The increased wealth of the two kinsmen was the ultimate cause of their separation. Lot chose the fertile plain of the Jordan near Sodom, while Abram pitched his tent among the groves of Mamre, close to Hebron. (Genesis 13:1) ... Lot with his family and possessions having been carried away captive by Chedorlaomer king of Elam, who had invaded Sodom, Abram pursued the conquerors and utterly routed them not far from Damascus. The captives and plunder were all recovered, and Abram was greeted on his return by the king of Sodom, and by Melchizedek king of Salem, priest of the most high God, who mysteriously appears upon the scene to bless the patriarch and receive from him a tenth of the spoil. (Genesis 14:1) ...
After this the thrice-repeated promise that his descendants should become a mighty nation and possess the land in which he was a stranger was confirmed with all the solemnity of a religious ceremony. (Genesis 15:1) ... Ten years had passed since he had left his father's house, and the fulfillment of the promise was apparently more distant than at first. At the suggestion of Sarai, who despaired of having children of her own, he took as his concubine Hagar, her Egyptian main, who bore him Ishm'l in the 86th year of his age. (Genesis 16:1) ... [HAGAR; ISHM'L] But this was not the accomplishment of the promise. Thirteen years elapsed, during which Abram still dwelt in Hebron, when the covenant was renewed, and the rite of circumcision established as its sign.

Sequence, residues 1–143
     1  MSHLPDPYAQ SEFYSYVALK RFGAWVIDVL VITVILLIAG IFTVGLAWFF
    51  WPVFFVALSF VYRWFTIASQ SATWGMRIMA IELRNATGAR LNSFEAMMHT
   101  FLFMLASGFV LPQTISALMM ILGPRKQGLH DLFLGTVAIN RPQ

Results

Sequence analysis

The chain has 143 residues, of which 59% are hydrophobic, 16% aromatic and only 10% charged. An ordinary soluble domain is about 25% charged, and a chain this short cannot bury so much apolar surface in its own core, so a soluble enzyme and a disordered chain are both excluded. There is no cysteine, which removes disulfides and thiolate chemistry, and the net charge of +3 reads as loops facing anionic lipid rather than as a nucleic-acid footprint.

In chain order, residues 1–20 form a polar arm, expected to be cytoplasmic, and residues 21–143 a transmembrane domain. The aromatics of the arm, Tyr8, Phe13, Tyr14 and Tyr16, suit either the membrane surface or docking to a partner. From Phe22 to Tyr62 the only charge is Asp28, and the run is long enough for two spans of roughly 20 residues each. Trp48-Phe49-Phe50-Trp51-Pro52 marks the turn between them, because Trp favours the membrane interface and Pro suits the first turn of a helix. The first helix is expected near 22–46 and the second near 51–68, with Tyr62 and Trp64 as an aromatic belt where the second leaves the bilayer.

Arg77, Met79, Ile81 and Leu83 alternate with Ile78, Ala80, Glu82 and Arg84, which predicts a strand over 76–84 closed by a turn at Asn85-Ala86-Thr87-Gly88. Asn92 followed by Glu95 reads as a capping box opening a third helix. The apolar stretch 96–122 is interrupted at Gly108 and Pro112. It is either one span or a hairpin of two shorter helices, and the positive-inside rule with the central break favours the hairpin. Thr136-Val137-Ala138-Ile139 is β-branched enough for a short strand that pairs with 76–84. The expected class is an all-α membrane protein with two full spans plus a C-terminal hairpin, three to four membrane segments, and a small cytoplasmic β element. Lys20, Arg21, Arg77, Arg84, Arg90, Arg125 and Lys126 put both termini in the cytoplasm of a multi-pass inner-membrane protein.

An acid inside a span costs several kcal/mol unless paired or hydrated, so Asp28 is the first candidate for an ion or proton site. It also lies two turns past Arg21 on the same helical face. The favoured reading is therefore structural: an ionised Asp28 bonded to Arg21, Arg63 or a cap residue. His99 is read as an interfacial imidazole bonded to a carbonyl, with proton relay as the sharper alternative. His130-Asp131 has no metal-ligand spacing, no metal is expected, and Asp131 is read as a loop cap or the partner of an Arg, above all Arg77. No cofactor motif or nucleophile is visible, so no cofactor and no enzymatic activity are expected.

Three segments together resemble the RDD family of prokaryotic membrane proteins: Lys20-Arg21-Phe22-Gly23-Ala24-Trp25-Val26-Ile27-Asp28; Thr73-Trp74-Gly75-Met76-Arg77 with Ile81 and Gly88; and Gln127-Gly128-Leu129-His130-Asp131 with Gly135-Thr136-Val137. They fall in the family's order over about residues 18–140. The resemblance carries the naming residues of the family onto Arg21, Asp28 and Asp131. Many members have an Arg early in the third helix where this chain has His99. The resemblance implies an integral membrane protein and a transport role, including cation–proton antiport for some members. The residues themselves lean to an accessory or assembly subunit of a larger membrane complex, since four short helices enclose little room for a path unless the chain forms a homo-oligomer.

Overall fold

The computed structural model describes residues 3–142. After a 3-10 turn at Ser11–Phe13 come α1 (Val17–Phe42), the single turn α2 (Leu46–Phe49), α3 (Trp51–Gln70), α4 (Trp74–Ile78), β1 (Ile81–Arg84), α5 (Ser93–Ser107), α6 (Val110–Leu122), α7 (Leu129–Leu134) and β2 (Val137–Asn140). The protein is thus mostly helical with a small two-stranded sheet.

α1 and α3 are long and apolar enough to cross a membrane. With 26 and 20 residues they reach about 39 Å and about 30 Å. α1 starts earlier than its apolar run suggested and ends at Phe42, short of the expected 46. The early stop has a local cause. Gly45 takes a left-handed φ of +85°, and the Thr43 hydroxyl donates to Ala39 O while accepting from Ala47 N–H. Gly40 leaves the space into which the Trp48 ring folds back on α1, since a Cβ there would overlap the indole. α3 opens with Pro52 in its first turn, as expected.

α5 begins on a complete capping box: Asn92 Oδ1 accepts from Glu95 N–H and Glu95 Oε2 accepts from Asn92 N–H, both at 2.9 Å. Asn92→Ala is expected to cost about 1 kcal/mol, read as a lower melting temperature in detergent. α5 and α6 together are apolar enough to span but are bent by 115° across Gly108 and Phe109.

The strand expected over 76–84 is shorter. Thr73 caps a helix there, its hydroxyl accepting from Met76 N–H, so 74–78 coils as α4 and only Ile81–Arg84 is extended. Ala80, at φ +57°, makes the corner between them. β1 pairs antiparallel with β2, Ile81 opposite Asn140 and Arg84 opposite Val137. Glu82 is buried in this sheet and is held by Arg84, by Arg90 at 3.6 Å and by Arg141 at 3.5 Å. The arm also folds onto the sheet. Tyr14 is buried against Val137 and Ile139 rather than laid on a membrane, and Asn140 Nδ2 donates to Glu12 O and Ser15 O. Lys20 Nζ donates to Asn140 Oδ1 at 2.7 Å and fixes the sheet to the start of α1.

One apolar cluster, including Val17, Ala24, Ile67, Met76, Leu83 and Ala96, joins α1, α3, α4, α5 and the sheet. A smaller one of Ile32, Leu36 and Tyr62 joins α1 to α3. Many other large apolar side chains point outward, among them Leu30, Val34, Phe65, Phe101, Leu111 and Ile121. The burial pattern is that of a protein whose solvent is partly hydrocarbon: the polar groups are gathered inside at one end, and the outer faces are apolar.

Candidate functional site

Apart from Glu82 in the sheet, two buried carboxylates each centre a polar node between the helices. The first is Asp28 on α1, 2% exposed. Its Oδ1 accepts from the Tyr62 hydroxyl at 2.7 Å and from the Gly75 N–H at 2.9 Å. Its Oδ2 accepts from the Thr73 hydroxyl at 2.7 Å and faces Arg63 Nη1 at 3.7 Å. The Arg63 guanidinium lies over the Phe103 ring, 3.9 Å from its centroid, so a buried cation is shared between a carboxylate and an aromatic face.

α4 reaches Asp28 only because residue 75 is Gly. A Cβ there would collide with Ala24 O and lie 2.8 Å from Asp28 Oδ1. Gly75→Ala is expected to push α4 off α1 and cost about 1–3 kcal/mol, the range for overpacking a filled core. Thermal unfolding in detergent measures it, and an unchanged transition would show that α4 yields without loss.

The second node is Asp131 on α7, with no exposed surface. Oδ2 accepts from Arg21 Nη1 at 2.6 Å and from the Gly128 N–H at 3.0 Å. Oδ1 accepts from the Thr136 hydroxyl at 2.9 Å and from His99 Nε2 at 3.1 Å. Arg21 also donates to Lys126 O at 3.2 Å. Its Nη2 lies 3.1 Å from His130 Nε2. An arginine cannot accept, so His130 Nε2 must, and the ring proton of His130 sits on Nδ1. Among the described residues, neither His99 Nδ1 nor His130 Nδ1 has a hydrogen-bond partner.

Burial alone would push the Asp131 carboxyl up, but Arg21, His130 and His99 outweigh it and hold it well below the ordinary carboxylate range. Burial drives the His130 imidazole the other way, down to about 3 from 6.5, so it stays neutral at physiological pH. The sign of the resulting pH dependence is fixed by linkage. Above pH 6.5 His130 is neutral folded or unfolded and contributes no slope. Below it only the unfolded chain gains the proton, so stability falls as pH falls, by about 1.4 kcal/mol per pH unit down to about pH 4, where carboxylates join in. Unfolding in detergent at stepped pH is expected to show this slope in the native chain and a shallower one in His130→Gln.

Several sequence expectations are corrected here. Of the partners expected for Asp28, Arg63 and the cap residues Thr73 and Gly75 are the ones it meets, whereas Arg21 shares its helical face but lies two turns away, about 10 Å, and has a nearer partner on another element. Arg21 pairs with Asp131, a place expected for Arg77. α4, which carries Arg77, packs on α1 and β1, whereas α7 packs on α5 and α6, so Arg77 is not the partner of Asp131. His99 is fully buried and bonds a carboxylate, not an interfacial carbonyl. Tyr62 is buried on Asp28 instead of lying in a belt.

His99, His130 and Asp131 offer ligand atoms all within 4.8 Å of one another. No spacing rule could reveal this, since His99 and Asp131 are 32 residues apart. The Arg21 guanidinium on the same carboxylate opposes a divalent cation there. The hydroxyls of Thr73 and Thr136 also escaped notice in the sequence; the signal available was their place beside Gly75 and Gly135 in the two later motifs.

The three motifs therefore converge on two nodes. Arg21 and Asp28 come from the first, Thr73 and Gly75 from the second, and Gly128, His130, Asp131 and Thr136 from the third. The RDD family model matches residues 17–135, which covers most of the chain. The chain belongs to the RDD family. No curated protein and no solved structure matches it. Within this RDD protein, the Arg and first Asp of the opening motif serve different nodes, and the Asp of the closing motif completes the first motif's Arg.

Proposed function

This most important crisis in Abram's life, when he was 99 years old, is marked by the significant change of his name to Abraham, "father of a multitude;" while his wife's from Sarai became Sarah. The promise that Sarah should have a son was repeated in the remarkable scene described in ch. 18. Three men stood before Abraham as he sat in his tent door in the heat of the day. The patriarch, with true Eastern hospitality, welcomed the strangers, and bade them rest and refresh themselves. The meal ended, they foretold the birth of Isaac, and went on their way to Sodom. Abraham accompanied them, and is represented as an interlocutor in a dialogue with Jehovah, in which he pleaded in vain to avert the vengeance threatened to the devoted cities of the plain. (Genesis 18:17-33)